At times, Captain felt more like a well done prequel than a better than good, but not quite great, stand alone film. Brie Larson delivers a Carol Danvers that I can only describe as confident without cool. She has the power and is not afraid to use it; but, she lacks the full knowledge and skill typically associated with a warrior. In short, she's not Gal Gadot's Wonder Woman. A good illustration of her character is seen in flashback scene that depicts a young Carol standing angry and defiant. I got the sense that the child may have grown older, but never fully became an adult. I got the impression that if at any point she asked "did I do that?" it would have been a sincere question. Also being portrayed younger is Sam Jackson's Nick Fury. Gone is the hard nosed no nonsense Fury that he will become. Present is a somewhat idealistic, trusting character, who has far to great an affinity for Goose the "cat". I found myself trying to rationalize this portrayal as Fury being under the "cat's" influence in some way.

There is a plot twist involving the Skrulls that is valid only for those who didn't pay attention to Guardians of the Galaxy or have not been introduced to the comic book story history. 

All in all, this was not a bad way to spend an afternoon. And, just to tie into JD's commentary, for me there were no politics involved (After School Special or otherwise). Although, if I were watching this film during the period in which it was set, I might have felt differently.


 
JD DeLuzio said:

Captain Marvel (2019), which I liked. I'd put it in the middle tier of Marvel superhero moves, above the first two Thors but below Black Panther, Winter Soldier, and the Avengers. but that's probably a discussion elsewhere at the site. Seeing it increased my eye-rolls at the in-advance controversy over the film's politics.  It's about as radical as an after-school special.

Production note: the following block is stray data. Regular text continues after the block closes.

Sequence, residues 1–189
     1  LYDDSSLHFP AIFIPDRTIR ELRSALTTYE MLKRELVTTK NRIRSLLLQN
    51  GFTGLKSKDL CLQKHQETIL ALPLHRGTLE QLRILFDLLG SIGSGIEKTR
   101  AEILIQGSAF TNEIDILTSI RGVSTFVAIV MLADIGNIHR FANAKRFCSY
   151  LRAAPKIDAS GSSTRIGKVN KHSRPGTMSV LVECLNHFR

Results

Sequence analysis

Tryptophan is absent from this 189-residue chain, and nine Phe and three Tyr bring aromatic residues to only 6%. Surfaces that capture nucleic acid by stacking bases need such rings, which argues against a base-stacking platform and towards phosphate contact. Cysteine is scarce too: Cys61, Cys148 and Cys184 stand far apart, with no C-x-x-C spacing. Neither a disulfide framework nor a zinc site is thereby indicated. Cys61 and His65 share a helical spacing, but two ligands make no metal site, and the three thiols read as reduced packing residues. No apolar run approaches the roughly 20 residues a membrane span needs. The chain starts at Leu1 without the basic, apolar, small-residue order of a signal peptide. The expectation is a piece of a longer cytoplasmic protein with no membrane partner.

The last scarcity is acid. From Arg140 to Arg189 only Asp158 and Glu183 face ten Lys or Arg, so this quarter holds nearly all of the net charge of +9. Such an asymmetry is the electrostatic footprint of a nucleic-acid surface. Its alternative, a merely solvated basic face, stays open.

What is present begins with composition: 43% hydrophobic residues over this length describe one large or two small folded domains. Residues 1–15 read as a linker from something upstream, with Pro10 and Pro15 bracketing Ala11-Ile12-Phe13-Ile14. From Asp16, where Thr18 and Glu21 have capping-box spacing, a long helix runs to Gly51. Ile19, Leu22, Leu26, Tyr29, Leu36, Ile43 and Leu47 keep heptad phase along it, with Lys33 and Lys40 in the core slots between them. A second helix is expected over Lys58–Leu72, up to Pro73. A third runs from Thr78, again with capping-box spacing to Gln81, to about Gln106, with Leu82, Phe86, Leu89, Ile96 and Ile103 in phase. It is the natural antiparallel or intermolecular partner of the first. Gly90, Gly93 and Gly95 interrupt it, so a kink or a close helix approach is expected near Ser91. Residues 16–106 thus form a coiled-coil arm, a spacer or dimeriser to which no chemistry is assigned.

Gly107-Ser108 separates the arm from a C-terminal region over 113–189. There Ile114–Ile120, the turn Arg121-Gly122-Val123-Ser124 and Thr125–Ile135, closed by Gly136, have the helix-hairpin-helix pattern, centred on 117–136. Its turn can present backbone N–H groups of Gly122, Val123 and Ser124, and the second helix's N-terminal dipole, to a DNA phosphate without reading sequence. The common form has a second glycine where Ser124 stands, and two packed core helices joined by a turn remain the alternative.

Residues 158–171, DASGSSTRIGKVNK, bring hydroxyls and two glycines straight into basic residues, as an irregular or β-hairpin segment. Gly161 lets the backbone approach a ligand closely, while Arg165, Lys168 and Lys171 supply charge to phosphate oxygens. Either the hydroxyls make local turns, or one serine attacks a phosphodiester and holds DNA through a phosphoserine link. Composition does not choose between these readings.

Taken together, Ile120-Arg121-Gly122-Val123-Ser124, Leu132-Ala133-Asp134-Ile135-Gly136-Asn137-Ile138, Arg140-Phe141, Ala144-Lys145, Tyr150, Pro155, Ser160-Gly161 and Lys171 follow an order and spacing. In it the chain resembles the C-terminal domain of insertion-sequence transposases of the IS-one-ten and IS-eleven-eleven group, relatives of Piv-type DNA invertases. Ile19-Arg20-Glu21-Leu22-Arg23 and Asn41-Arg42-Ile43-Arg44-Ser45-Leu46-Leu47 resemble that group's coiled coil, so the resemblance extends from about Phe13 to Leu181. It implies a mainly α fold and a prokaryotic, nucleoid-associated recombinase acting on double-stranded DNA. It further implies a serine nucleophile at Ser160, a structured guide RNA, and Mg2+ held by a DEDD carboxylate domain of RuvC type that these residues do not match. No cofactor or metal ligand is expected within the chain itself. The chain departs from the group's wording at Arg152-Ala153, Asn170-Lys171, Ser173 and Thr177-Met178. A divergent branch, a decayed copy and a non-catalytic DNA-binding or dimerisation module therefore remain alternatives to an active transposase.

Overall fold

Blackkklansman (2018): good, though no more strictly faithful to the facts than most Hollywood films based on a true story.

The Hate U Give (2018): a strong adaptation of the novel. The family/friends sequences, in many ways, work better than the large-scale public drama, and the film necessarily makes a number of changes, including the ending. Nevertheless, it respects its source material, and is worth seeing,

Monster Club (1981): an unimpressive cult horror anthology film featuring Vincent Price and John Carradine. Three stories, interrupted by the framing device and some generally bad pop music. The final third is the best, and the "stripper" sequence is at least creative.

Us.

I encourage people to see this, at least, if they're even remotely fans of the horror genre.

You know what was creepier than seeing this movie, though?

Leaving this movie, which involves doppelgängers, and immediately walking past a pair of smiling twin little girls.

Ok. In spite of having received a good scolding from my college student comic book purist, eldest daughter, I watched Teen Titans Go to the Movies (quote my eldest "That is not Teen Titans! Why do you want to watch that garbage!!!???!!!).

I thought it was funny. I don't like that fact; but, I did. Sorry Abby. As a fellow comic book purist, I know I've let you down. (but, I'm sure you'll get over it.) LOL. 

JohnD said:

Ok. In spite of having received a good scolding from my college student comic book purist, eldest daughter, I watched Teen Titans Go to the Movies (quote my eldest "That is not Teen Titans! Why do you want to watch that garbage!!!???!!!).

I thought it was funny. I don't like that fact; but, I did. Sorry Abby. As a fellow comic book purist, I know I've let you down. (but, I'm sure you'll get over it.) LOL. 

A long time ago, I decided the movies and TV shows are just alternate universe versions of the comics. So of course they aren't exactly to canon. 

And my wife and I had a great time at Teen Titans Go! I almost wanted to watch it a second time, just to catch more of the Easter eggs. This from a guy who started reading Teen Titans in the Silver Age.

JohnD said:

Ok. In spite of having received a good scolding from my college student comic book purist, eldest daughter, I watched Teen Titans Go to the Movies (quote my eldest "That is not Teen Titans! Why do you want to watch that garbage!!!???!!!).

I thought it was funny. I don't like that fact; but, I did. Sorry Abby. As a fellow comic book purist, I know I've let you down. (but, I'm sure you'll get over it.) LOL.